A Black Cadet At West Point


Despite the somewhat garbled grammar, everyone got the point: Whittaker was being asked to swear that he had not mutilated himself. He placed his hand on the Bible:

A.—I do, sir.

With this dramatic scene over, to the excited murmur of the courtroom, Whittaker was excused for the present.

During the next several days activity really picked up. Major Thomas F. Barr had arrived from the Judge Advocate General’s office in Washington on April 9 and was shown Dr. Alexander’s report and the note of warning. According to Schofield he immediately noticed a great similarity between Whittaker’s handwriting and that of the note of warning. That same day Colonel William Wherry, the West Point adjutant, left for New York to secure the services of a detective to help investigate the case. On April 12 Mr. James Gaylor, the superintendent of city delivery of the New York Post Office, the first of five “handwriting experts” retained by West Point, began his investigation of the warning note. On the same day Professor Richard Greener, Whittaker’s former teacher and now dean of the law school at Howard University, arrived to lend his support and advice to Whittaker.

With national interest in the case kept high by the newspapers, nonmilitary agencies began to get involved. There were debates in the United States Senate over whether the entire “regime” at West Point ought to be investigated under suspicion of prejudiced treatment of Negro cadets. At the request of President Rutherford B. Hayes, the United States district attorney for the northern district of New York, Martin I. Townsend, was dispatched to oversee the inquiry for the government.

This in itself put West Point—the administration and the Corps of Cadets alike—on the defensive, and Townsend’s first statement after his arrival on April 14 only increased the tension: “I don’t say the cadets did it, but if it was not a hostile attack then the world is a farce.” Townsend, whose habitual manner was blunt and sarcastic, immediately became a leading figure in the inquiry. He questioned witnesses aggressively, and repeatedly challenged the code of conduct of the Corps. In a discussion of the earlier incident when Whittaker had reported a fellow cadet for striking him, Townsend suggested that although this was in keeping with official regulations, the normal response would have been for Whittaker to strike back. The only reason he had not was that he was a lone black in hostile surroundings, and there was one rule at West Point for whites and another for blacks. This aroused and confused General Schofield, who rushed to the front of the room and heatedly declared: “If you think the rule is taught at West Point that a cadet is to tamely submit to a blow without returning it or defending himself you are greatly mistaken.…That rule may perhaps be taught in the Bible, but it is not taught here…” The implication seemed to be that Whittaker was a coward.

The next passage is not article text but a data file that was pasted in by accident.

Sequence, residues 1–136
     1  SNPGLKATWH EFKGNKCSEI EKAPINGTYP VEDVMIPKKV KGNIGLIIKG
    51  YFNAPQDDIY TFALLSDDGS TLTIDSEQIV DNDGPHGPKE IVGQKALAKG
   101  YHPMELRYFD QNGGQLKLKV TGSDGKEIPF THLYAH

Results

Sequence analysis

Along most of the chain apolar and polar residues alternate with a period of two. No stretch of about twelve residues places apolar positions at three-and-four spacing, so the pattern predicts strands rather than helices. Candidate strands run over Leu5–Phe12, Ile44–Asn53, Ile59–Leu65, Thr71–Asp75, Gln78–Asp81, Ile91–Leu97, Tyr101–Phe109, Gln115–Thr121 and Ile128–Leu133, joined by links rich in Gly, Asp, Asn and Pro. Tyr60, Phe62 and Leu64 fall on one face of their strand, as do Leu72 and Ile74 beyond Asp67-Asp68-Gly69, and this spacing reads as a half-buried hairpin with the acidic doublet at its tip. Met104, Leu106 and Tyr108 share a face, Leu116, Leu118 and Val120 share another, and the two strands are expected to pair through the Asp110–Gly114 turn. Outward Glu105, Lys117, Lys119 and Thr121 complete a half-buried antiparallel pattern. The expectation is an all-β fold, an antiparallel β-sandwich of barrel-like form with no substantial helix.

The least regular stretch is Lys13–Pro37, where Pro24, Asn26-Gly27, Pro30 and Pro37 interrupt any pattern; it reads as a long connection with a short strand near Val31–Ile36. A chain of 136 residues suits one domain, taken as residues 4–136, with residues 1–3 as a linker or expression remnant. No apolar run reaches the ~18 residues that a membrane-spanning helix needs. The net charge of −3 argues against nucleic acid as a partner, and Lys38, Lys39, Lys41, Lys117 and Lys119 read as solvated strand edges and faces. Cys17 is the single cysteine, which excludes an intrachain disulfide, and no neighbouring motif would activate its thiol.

While all this was going on, newspaper reporters were poking around, and one who worked for the New York Times uncovered a tale about three cadets who had been overheard, on the night of Whittaker’s mutilation, boasting that they were going to “take care of him.” This was supposed to have taken place at Ryan’s Tave n, in nearby Highland Falls. The proprietor, Philip Ryan, was called, and he denied before the court that cadets ever came to his place. This was soon discredited when a number of cadets testified that it was indeed common practice to change into civilian clothes at Ryan’s place prior to a night on the town. It also developed that several cadets had been out after taps on the night of the trouble.

At this point General Schofield issued General Order No. 14, dated April 21, 1880, “commending the Corps of Cadets for their bearing under the injurious suspicions cast upon them and expressing… confidence in their honor and integrity.” In his official diary he gave this remarkable explanation: …the unanimous belief of the Corps…was that the alleged culprits were not cadets.…[Yet] all the Cadets were again undergoing the same examination under oath before the court of inquiry, as if their statements upon honor were doubted… I knew that they were all innocent except possibly three or four.…The order of April 21 was issued as a simple act of justice to the Corps of Cadets.